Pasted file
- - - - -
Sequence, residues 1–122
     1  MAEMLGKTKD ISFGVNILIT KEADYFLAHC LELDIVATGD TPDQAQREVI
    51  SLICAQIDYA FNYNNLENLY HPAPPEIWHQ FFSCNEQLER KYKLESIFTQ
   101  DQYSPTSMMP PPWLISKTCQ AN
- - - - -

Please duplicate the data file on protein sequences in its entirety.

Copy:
Sequence, residues 1–122
     1  MAEMLGKTKD ISFGVNILIT KEADYFLAHC LELDIVATGD TPDQAQREVI
    51  SLICAQIDYA FNYNNLENLY HPAPPEIWHQ FFSCNEQLER KYKLESIFTQ
   101  DQYSPTSMMP PPWLISKTCQ AN